The No Surprises Act is a federal law enacted to protect patients from unexpected medical bills incurred on or after January 1, 2022. It aims to address the issue of surprise medical billing, which can occur when patients receive unexpected charges for their medical care. The Act applies to out-of-network emergency services, out-of-network air ambulance services, and certain out-of-network care received at in-network facilities.Help for SeniorsThe Act is important for all patients, but especially for seniors. Seniors are especially vulnerable to surprise medical billing because they often need more health care than other populations. They are more likely to be seen by out-of-network providers. The Act protects them from unexpected charges and provides a much-needed safeguard for their medical expenses.Under the Act, patients are not responsible for surprise medical bills beyond their in-network cost-sharing amount. This means that patients will only be responsible for paying the same amount they would have paid if an in-network provider provided the care. The Act also prohibits balance billing, which is when providers bill patients for the difference between their charges and the amount paid by the patients insurance.This can be relevant in a variety of settings seniors encounter, including emergency room visits, second opinions, surgical procedures, and even skilled nursing care where independent contractors provide services. Under the Act, providers must accept the Medicare-approved amount as payment in full. This prevents patients from being surprised with large balances and protects them from unexpected financial hardship.Exceptions to the ActThere are some providers and services that are exempt from the Acts billing protections (although your state may have a similar law that does not exempt them). These include:Ground ambulance services, which can charge you out-of-network ratesVision-only and dental-only insurances, which are not subject to balance billing protectionsIndemnity plans such as hospital indemnity insurance, which are exempt from the ActIf You Are UninsuredFor uninsured or self-paying patients, the No Surprises Act provides rules for a good faith estimate of how much a medical service will cost. You may request an estimate if you schedule a medical service at least three business days out or simply ask for one. If your final bill is $400 or more than the estimate, you may be able to dispute it. Having a good faith estimate allows patients to make informed decisions about their care.Independent Dispute ResolutionTo resolve payment disputes between providers and insurers, the Act establishes an independent dispute resolution (IDR) process. This process allows providers and insurers to submit their proposed payment amounts to an independent arbiter who makes the final decision. The IDR process aims to protect patients from being caught in payment disputes and ensures a fair resolution for all parties involved.Pricing TransparencyIn addition to protecting patients from surprise medical bills, the Act also includes provisions to increase health care pricing transparency. Health insurers must provide patients with clear and detailed information about their health care coverage. This includes a description of providers network status and estimated cost-sharing amounts. This increased transparency aims to empower patients to make informed health care decisions and avoid unexpected charges.The No Surprises Act is a significant step toward addressing surprise medical billing and protecting patients from financial harm. By implementing clear rules and procedures, patients are not caught off guard by unexpected charges and have access to fair dispute resolution. With the Act in place, patients can have more confidence in seeking medical care, knowing they will not face unexpected financial burdens.Contact Sharek Law Office at 412-347-1731 or click here to schedule a complimentary 15-Minute Call to see how we can help you. This article is a service of Sharek Law Office, LLC. We dont just draft documents; we ensure you make informed and empowered decisions about life and death, for yourself and the people you love. That's why we offer a Life and Legacy Planning Session, during which you will get more financially organized than youve ever been before and make all the best choices for the people you love. You can begin by calling our office today to schedule a Life and Legacy Planning Session and mention this article to find out how to get this $750 session at no charge. Please note this is educational content only and is not intended to act as legal advice.
A newly proposed rule by the Social Security Administration (SSA) could ultimately change the way in-kind income is defined for recipients of Supplemental Security Income (SSI).What Is SSI?Supplemental Security Income (SSI) is a federal public benefits program that provides monthly payments to individuals with limited means, including people with disabilities and seniors. In many cases, recipients of this type of benefit automatically qualify for Medicaid as well.In 2023, the federal SSI payment standard is $914 per month for an individual ($1,371 per month for a couple).SSI Income GuidelinesIndividuals who receive SSI must meet very strict guidelines in order to continue qualifying for these public benefits.For people with disabilities, these guidelines include having an impairment that meets the SSAs narrow definition of disability as well as maintaining specific monthly limits on their assets and income.SSAs Definition of IncomeAs SSI support is intended for those with limited means, any additional income could potentially put an SSI recipients benefits in jeopardy.According to the SSA, income includes any item an individual receives in cash or in-kind that can be used to meet his or her need for food or shelter.An SSI recipient whose income exceeds their monthly SSI award even if it is unintentionally can result in the individual losing their benefits or having them lowered by a certain amount.Historically, SSA has included free food in its definition of income. SSI recipients must provide the SSA with details about their food expenses. A recipient who accepts so-called in-kind support and maintenance (ISM) in the form of food, such as a supply of groceries brought to the recipient by a family member or friend, generally will have their benefits reduced by about one-third.Fortunately for SSI recipients, this is something to which the SSA is now proposing a shift.Proposed RuleIn February 2023, the SSA announced its proposal to omit food from its calculations of ISM. If put into effect, Supplemental Security Income recipients who receive this type of support may no longer see their benefits shrink as a result. In addition, they would no longer need to report their food expenses to the SSA.The complexities of our current food ISM policies may outweigh their utility, the SSA states in its proposed rule. The current requirements for reporting in-kind food receipts could discourage SSI applicants and recipients from receiving an often informal but important form of help.In addition to simplifying reporting requirements for SSI recipients as well as processing time for the SSA, the SSA says the new rule would provide increased financial security to impacted beneficiaries; provide consistent treatment of food support regardless of source; and facilitate improved food security among beneficiaries.The SSA will be seeking public comments on this proposed rule up until April 17, 2023.Additional ResourcesTo learn more about these benefits, refer to this introduction to SSI, or consider consulting with a qualified special needs planner in your area.Contact Sharek Law Office at 412-347-1731 or click here to schedule a complimentary 15-Minute Call to learn how we can help. This article is a service of Sharek Law Office, LLC. We dont just draft documents; we ensure you make informed and empowered decisions about life and death, for yourself and the people you love. That's why we offer a Life and Legacy Planning Session, during which you will get more financially organized than youve ever been before, and make all the best choices for the people you love. You can begin by calling our office today to schedule a Life and Legacy Planning Session and mention this article to find out how to get this $750 session at no charge. Please note this is educational content only and is not intended to act as legal advice.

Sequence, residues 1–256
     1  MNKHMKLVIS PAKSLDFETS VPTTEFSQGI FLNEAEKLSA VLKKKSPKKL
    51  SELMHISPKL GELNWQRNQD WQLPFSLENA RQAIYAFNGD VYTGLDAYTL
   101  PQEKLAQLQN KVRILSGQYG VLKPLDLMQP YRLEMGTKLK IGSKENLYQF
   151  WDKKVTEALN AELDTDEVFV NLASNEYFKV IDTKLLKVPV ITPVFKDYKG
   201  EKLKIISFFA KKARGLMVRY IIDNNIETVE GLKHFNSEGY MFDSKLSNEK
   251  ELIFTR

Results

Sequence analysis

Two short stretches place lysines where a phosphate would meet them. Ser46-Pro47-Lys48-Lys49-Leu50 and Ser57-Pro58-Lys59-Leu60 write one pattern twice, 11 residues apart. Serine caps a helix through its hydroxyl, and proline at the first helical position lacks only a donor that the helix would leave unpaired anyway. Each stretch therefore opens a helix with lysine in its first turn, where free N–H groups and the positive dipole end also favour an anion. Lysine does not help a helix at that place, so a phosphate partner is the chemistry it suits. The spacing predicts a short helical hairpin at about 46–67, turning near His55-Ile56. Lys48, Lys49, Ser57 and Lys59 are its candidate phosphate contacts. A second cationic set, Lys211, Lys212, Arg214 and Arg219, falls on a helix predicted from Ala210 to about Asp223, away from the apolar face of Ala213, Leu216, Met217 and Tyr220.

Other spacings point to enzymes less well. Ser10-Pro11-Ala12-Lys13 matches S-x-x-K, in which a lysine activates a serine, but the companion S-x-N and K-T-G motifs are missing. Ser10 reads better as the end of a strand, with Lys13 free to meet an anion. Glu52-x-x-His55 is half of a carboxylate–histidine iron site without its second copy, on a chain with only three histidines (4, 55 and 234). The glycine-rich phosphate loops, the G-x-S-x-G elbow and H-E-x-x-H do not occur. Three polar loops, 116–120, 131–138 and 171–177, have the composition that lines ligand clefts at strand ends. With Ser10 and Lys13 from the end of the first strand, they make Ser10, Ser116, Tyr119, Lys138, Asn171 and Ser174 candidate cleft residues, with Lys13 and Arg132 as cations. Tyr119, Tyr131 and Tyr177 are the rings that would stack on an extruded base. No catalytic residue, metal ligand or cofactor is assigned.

If you're looking to collect life insurance proceeds as the policys beneficiary, the process is fairly simple. However, during the emotional period immediately following a loved ones death, it can feel as if your entire world is falling apart, so its helpful to understand exactly what steps you need to take to access the insurance funds as quickly and easily as possible.Not to mention, if youve been dependent on the person who died for financial support and/or you are responsible for paying for the funeral or other expenses, the need to access insurance money can be downright urgent. Plus, unlike other assets, an estates executor typically isnt involved with collecting life insurance proceeds, since benefits pass directly to a beneficiary, so this is something you will need to handle yourself. With this in mind, weve outlined the typical procedure for claiming and collecting life insurance proceeds, along with discussing how beneficiaries can deal with common hiccups in the process. However, because all life insurance policies are different and some involve more complexities than others, consult with us, your Personal Family Lawyer if you need any support or guidance.Filing A ClaimDeath benefits are not automatically paid out from a life insurance policy. In order to collect the proceeds, you must first file a claim with the life insurance company. But before you start the claims process, you must first identify the beneficiary of the policy: are you the beneficiary, or is the policy set up to be paid to a trust?We often recommend that life insurance proceeds be paid to a trust, not outright to a beneficiary. This way, the life insurance proceeds are protected from lawsuits, creditors, and even a divorce that a beneficiary may be involved with at the time they collect the funds.In the event a trust is the beneficiary, contact us, your Personal Family Lawyer, so we can create a certificate of trust that you (or the trustee, if the trustee is someone other than you) can send to the life insurance company, along with a death certificate, when it becomes available.In any case, you (or the trustee) will notify the insurance company of the policyholders death, either by contacting a local agent or by following the instructions on the insurance companys website. If the policy was provided through an employer, you may need to contact the insureds workplace first, so they can put you in touch with the appropriate insurance representative.Many insurance companies allow you to report the death over the phone or by sending in a simple form and do not require the actual death certificate at this stage. Depending on the cause of death, it can sometimes take weeks for the death certificate to be available, so this simplified reporting option can dramatically speed up the process.From there, the insurance company typically sends the beneficiary more detailed forms to fill out, along with further instructions about how to proceed. Some of the information youre likely to be asked to provide during the claims process include the insureds date of birth, date and place of death, their Social Security number, marital status, address, as well as other personal data.Your states vital records office creates the death certificate, and it will either send the certificate directly to you or route it through your funeral/mortuary provider. Once youve received a certified copy of the death certificate, youll need to send it to the insurance company, along with all of the other forms the insurance company requires you to complete.Multiple BeneficiariesIf more than one adult beneficiary was named, each person should provide his or her own signed and notarized claim form. If any of the primary beneficiaries died before the policyholder, an alternate/contingent beneficiary can claim the proceeds. In that case, however, he or she will need to send in the death certificates of both the policyholder and the primary beneficiary.Minor BeneficiariesAlthough policyholders are free to name anyone as a beneficiary, when minor children are named, it creates serious complications, since insurance companies will not allow a minor to receive life insurance benefits directly until they reach the age of majority, which varies between statesin some its 18, and others its 21.If a minor child is named as a beneficiary, you would need to go to court to be named as the child's legal guardian in order to manage the funds until the child comes of ageand this is the case even if youre the childs natural parent. This is because unless you are specifically named as the guardian of the minors estate, you are not automatically considered the guardian of the childs financial assets, even as their parent. This is why you should never name a minor child as a life insurance beneficiary, even as a backup to the primary beneficiary. Rather than naming a minor as the beneficiary, its often better to set up a trust to receive the proceeds. In that case, the proceeds are paid into the trust, and whomever is named as trustee will collect the insurance proceeds and manage the funds for the childs benefit until he or she comes of age. Moreover, within the terms of the trust, you can also spell out exactly how youd like the trustee to manage the money for the child and even how the child can use the funds once theyve reached adulthood.In any case, you should consult with us, your Personal Family Lawyer to determine the best options for passing on your life insurance benefits and other assets to minor children. Insurance Claim PaymentsProvided you fill out the forms properly and include a certified copy of the death certificate, insurance companies typically pay out life insurance claims fairly quickly. In fact, some claims are paid within one to two weeks of the start of the process, and rarely do claims take more than 60 days to be paid. Most insurance companies will offer you the option to collect the proceeds via a mailed check or transfer the funds electronically directly to your account.Delayed PayoutsThe payout of life insurance proceeds can be delayed for a number of reasons. Beneficiaries often face delays if the policyholder dies within two years of the policy being issued. This is due to the fact that most life insurance policies contain a contestability period. Most contestability periods are typically between one to two years, and if the insured dies during this period, the insurance company can investigate the claim to ensure that the policyholder didnt commit fraud on the policy application by lying about underlying health problems, family medical history, or other conditions.That said, provided the insurance company doesnt discover fraud or other issues with the application, it will most likely pay the claim once the investigation is wrapped up. If problems with the application are discovered, the insurance company might pay a reduced benefit or even deny the claim, depending on what is uncovered.Payout may also be delayed when homicide is determined to be the insureds cause of death and the beneficiary is a suspect. In this case, the payout is typically delayed until the beneficiary is cleared of any involvement in the insureds death. A few other common reasons insurance payouts may be delayed include:The insured committed suicide within two years of the policy being issued.The insured died during the course of illegal or criminal activity, such as a robbery or driving while intoxicated.The insured omitted risky activities, such as smoking or skydiving, on the policy application.Additional InformationSometimes an insurance company will request you to send in a completed W-9 form (Request for Taxpayer Identification Number and Certification) from the IRS in order to process a claim. Most of the time, a W-9 is requested if there is some question or issue with the records, such as having an address provided in a claim form that doesnt match the one on file.That said, a W-9 is simply a way for the insurance company to verify certain information in order to prevent fraud, so dont be alarmed if youre asked for one. This is a common verification practice, and it doesnt automatically mean the company suspects you of fraud or plans to deny your claim.Were Here To HelpWhile collecting life insurance proceeds is often a simple process, dont hesitate to reach out to us if you have questions or need support in any way. As your Personal Family Lawyer, we are here to ensure the process goes as smoothly as possible for you during what is likely to be an extremely trying time. Contact us today to learn more.This article is a service of Sharek Law Office, LLC. We dont just draft documents; we ensure you make informed and empowered decisions about life and death, for yourself and the people you love. That's why we offer a Life and Legacy Planning Session, during which you will get more financially organized than youve ever been before, and make all the best choices for the people you love. You can begin by calling our office today to schedule a Life and Legacy Planning Session and mention "this article that was listed on SeniorsBlueBook.com" to find out how to get this $750 session at no charge.